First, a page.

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Old 05-08-2019, 05:22 AM
 
375 posts, read 101,574 times
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On a far more domestic scale, even though I'm firmly rooted on the east coast, I've spent a fair amount of time in the Black Hills of South Dakota, in the last 25 years. Typically, at least a week every summer, often more. As an RV enthusiast, I talk to a lot of folks, online and in person. Since first visiting, I have been totally blown away by how many times I hear of folks who are passing through the western half of South Dakota, and struggle with the idea of not "wasting time" in the Black Hills. I can't count how many times I hear something similar to "what's really there, Mt. Rushmore, and not much else, right?". There are hundreds of interesting things to do in Western SD, yet it can be a struggle to get a lot of easterners to even slow down, as they race toward Yellowstone, or other "must see!" points to the west.
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Old 05-08-2019, 06:00 AM
 
Location: Brew City
4,214 posts, read 2,501,359 times
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I wouldn't say we "missed" it but we didn't go to the Grand Ole Opry in Nashville when we were in town a few weeks ago.

But that's a different topic. What "major attractions" did you not care to visit.
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Old 05-08-2019, 06:05 AM
 
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Part of the fun for me is taking time to research so that by the time I'm going I really know what it is I want to see. There have been times I've passed up the big, glitzy tourist attractions because I've found references to small, out-of-the-way sites that are more representative of an area.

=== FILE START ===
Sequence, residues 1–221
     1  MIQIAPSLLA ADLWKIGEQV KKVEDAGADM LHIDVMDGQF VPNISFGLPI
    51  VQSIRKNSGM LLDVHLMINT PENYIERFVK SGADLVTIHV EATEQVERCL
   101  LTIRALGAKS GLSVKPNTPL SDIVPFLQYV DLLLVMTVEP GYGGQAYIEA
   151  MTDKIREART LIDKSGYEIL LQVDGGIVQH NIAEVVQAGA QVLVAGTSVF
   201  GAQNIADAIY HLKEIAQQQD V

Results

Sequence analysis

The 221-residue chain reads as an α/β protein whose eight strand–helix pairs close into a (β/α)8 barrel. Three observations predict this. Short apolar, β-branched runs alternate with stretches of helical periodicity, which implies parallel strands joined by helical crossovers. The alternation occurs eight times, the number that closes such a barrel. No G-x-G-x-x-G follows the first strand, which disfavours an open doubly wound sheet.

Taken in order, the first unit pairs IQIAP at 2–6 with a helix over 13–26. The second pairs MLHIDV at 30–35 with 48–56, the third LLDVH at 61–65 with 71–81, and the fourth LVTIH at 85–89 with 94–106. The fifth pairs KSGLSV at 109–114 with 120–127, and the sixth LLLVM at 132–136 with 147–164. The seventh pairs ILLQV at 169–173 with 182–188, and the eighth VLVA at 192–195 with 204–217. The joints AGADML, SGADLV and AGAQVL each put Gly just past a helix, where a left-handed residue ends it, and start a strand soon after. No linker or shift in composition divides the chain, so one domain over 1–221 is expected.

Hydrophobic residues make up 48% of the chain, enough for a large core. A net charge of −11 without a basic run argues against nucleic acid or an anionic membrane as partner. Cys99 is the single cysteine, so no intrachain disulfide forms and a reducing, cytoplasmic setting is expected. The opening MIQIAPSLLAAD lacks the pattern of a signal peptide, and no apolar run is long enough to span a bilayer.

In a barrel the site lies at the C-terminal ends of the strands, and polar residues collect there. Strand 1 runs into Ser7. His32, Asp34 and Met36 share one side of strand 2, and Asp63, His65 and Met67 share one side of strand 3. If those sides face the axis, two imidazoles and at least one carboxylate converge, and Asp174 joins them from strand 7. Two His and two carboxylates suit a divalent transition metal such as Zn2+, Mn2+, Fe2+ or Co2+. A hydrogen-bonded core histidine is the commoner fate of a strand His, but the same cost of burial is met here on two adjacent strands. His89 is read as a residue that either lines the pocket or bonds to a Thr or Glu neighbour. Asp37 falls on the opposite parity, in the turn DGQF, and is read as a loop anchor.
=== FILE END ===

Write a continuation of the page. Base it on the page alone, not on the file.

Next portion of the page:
For instance, I'd always wanted to swim in a cenote in Mexico. There are guided tours and also individual places that have been paved with walkways and provided with lunch counters and supervision. But I found a rustic one owned by a Mayan family a short trek through the jungle off the highway that was in its natural state. And that is where I chose to go.

To me that was the real experience. It wasn't crowded - just a couple people, friendly locals, having a refreshing dip. The rocks were covered with trilobite fossils and there was no one with a bullhorn rushing me along or telling me where I could or could not explore.
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Old 05-08-2019, 06:09 AM
 
Location: Brew City
4,214 posts, read 2,501,359 times
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Quote:
Originally Posted by Lodestar View Post
Part of the fun for me is taking time to research so that by the time I'm going I really know what it is I want to see. There have been times I've passed up the big, glitzy tourist attractions because I've found references to small, out-of-the-way sites that are more representative of an area.

For instance, I'd always wanted to swim in a cenote in Mexico. There are guided tours and also individual places that have been paved with walkways and provided with lunch counters and supervision. But I found a rustic one owned by a Mayan family a short trek through the jungle off the highway that was in its natural state. And that is where I chose to go.

To me that was the real experience. It wasn't crowded - just a couple people, friendly locals, having a refreshing dip. The rocks were covered with trilobite fossils and there was no one with a bullhorn rushing me along or telling me where I could or could not explore.
This is the way we like to roll as well. Do the research, find the alternatives to the big flashy sites. You'll likely enjoy it more anyway.
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Old 05-08-2019, 06:18 AM
 
Location: Tulsa
1,802 posts, read 804,562 times
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Quote:
Originally Posted by wharton View Post